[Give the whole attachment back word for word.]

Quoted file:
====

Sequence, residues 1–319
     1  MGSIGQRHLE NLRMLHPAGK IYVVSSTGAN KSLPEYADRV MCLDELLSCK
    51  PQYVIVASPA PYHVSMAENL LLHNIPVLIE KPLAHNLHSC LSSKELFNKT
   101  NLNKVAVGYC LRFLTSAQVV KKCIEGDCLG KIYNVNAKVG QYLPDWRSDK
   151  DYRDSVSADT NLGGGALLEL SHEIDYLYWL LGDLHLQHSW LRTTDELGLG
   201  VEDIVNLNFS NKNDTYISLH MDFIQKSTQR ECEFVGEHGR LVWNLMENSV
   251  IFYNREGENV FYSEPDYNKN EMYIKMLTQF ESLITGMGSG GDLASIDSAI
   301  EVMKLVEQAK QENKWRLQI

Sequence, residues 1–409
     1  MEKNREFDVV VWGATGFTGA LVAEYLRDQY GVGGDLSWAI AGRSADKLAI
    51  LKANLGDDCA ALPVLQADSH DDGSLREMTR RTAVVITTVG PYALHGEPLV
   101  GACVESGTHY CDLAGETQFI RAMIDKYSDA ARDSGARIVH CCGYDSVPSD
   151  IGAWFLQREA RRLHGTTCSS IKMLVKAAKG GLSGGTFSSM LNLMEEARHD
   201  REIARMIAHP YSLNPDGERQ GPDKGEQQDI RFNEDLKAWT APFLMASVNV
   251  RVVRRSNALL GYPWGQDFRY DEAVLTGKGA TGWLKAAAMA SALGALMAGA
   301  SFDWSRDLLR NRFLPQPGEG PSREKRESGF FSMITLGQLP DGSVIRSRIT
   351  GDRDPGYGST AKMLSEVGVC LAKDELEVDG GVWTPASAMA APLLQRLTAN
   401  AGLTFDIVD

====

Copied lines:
Sequence, residues 1–319
     1  MGSIGQRHLE NLRMLHPAGK IYVVSSTGAN KSLPEYADRV MCLDELLSCK
    51  PQYVIVASPA PYHVSMAENL LLHNIPVLIE KPLAHNLHSC LSSKELFNKT
   101  NLNKVAVGYC LRFLTSAQVV KKCIEGDCLG KIYNVNAKVG QYLPDWRSDK
   151  DYRDSVSADT NLGGGALLEL SHEIDYLYWL LGDLHLQHSW LRTTDELGLG
   201  VEDIVNLNFS NKNDTYISLH MDFIQKSTQR ECEFVGEHGR LVWNLMENSV
   251  IFYNREGENV FYSEPDYNKN EMYIKMLTQF ESLITGMGSG GDLASIDSAI
   301  EVMKLVEQAK QENKWRLQI

Sequence, residues 1–409
     1  MEKNREFDVV VWGATGFTGA LVAEYLRDQY GVGGDLSWAI AGRSADKLAI
    51  LKANLGDDCA ALPVLQADSH DDGSLREMTR RTAVVITTVG PYALHGEPLV
   101  GACVESGTHY CDLAGETQFI RAMIDKYSDA ARDSGARIVH CCGYDSVPSD
   151  IGAWFLQREA RRLHGTTCSS IKMLVKAAKG GLSGGTFSSM LNLMEEARHD
   201  REIARMIAHP YSLNPDGERQ GPDKGEQQDI RFNEDLKAWT APFLMASVNV
   251  RVVRRSNALL GYPWGQDFRY DEAVLTGKGA TGWLKAAAMA SALGALMAGA
   301  SFDWSRDLLR NRFLPQPGEG PSREKRESGF FSMITLGQLP DGSVIRSRIT
   351  GDRDPGYGST AKMLSEVGVC LAKDELEVDG GVWTPASAMA APLLQRLTAN
   401  AGLTFDIVD